By Robert M. Frederickson
April 15, 2005 | While genomic and genetic systems can determine the proteomic blueprint for the machinery of the cell, it is the individual proteins themselves and their myriad interactions in various functional complexes that comprise that machinery. This cellular machinery is responsible for the replication, transcription, and translation of nucleic acid, and even the synthesis of many of its constituent components.
The invention of the two-hybrid assay for protein interaction by Stan Fields and colleagues in the early 1990s was a milestone in the study of protein interaction. This simple genetic assay in yeast was accessible to almost any laboratory that was proficient in basic yeast biology techniques. Adapted by Clontech laboratories (now part of BD Biosciences) into a commercial kit called Matchmaker, the assay has led to the rapid identification of thousands of new protein interactions within a decade.
Over time, the two-hybrid assay was adapted to high-throughput array- and library-based mating formats, facilitated by the use of robotic instruments such as the Biomek 2000 Laboratory Automation Workstation or Tecan’s Freedom or Genesis platforms for robotics and liquid handling. The result was the identification of protein interaction networks, providing insight into the constituents of the various cellular machines, many of which would turn out to be involved in disease.
The two-hybrid approach is limited to those interactions that can form within the context of the yeast nucleus, and the assay is known to suffer from both false positive and false negative interactions. A complementary methodology is based on biochemical purification of protein complexes and their analysis by mass spectrometry (see Dec. 2004 Bio•IT World, page 18).
According to two-hybrid inventor Fields, the integration of the results of both approaches has been shown to be a strong predictor of protein function, as has the integration of results of such analyses across species (see PNAS 102, 1974-79; 2005). In the latter report, Trey Ideker and colleagues developed a bioinformatics tool called PathBLAST that enabled them to identify proteins across species involved in similar interaction networks from the Database of Interacting Proteins. They were able to predict a host of new interactions “that would not have been predicted from sequence similarity alone.”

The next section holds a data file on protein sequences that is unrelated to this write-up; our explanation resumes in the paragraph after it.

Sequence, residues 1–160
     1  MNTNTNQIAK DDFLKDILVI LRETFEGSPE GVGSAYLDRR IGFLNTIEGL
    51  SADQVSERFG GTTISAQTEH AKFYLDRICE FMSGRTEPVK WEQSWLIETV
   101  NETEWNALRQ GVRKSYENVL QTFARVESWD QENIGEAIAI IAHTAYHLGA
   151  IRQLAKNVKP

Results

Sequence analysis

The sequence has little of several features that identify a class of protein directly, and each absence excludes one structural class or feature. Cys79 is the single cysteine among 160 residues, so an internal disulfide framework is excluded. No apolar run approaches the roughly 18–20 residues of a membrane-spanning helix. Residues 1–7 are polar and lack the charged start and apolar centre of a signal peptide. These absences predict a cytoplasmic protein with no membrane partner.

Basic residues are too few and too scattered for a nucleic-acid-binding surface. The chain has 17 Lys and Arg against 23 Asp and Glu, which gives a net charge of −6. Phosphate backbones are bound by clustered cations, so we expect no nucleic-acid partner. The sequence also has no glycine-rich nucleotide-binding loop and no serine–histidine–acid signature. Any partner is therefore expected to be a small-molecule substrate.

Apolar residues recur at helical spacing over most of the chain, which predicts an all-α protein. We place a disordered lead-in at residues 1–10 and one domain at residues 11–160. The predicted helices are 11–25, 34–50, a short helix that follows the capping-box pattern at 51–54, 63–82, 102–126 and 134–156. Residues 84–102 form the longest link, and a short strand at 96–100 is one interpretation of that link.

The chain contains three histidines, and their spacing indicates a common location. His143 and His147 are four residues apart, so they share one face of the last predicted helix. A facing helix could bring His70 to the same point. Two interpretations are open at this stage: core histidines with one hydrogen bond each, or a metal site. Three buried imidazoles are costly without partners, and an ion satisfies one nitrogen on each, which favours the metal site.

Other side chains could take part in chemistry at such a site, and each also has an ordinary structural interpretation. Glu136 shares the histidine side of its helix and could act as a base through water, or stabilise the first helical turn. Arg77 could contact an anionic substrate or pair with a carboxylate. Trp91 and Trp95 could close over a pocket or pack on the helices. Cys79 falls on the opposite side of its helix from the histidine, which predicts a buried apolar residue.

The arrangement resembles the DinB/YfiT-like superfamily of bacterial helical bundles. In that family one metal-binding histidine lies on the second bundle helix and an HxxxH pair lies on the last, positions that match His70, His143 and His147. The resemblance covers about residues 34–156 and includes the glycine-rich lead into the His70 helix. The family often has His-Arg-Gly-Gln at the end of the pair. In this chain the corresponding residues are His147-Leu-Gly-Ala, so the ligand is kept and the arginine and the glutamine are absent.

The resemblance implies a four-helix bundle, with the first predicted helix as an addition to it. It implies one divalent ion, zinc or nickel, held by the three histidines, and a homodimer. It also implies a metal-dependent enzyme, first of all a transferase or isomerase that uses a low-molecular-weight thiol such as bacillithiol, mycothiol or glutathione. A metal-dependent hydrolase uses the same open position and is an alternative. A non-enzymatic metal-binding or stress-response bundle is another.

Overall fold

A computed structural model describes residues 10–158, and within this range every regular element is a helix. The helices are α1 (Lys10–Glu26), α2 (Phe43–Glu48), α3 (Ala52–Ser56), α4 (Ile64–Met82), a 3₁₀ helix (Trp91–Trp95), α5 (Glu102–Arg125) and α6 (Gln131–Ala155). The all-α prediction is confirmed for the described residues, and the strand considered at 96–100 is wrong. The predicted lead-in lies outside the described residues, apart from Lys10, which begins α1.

Stacking The Chips
Numerous platforms exist for purification of proteins for mass spec analysis, ranging from immunoprecipitation to those based on solid-state chemistry and protein chips. An example of an integrated chip-based platform is Ciphergen’s ProteinChip System, Series 4000, introduced in mid-2004. This system includes Ciphergen’s ProteinChip arrays, SELDI-TOF mass spec detection, and software called Biomarker Patterns for data analysis. Ciphergen offers a variety of different chromatographic chips for protein binding, and has recently introduced the SEND ProteinChip Array, specifically designed for peptide mass fingerprinting or SELDI mass spec sequencing.
In early 2005, Biacore introduced the T100 system for protein-interaction analysis. Biacore’s systems make use of changes in surface plasmon resonance energy to define characteristics of proteins in terms of their interaction with other molecules — including binding and dissociation rates and absolute affinities — in real time.
The new release is a milestone in bringing this technology to the world of drug development. The system is compliant with FDA data security demands, and David Myszka of the University of Utah’s Center for Biomolecular Interaction Analysis, calls it the “next generation” of SPR-based instrumentation.
The fundamental technology is similar to that of earlier instruments, but the user interface and data analysis programs have been significantly improved, making assay setup and analysis much more intuitive and user-friendly. Key applications include high-resolution immunological analyses and characterization of drug-protein interactions.
Robert M. Frederickson is a biotech writer based in Seattle. E-mail: firstname.lastname@example.org.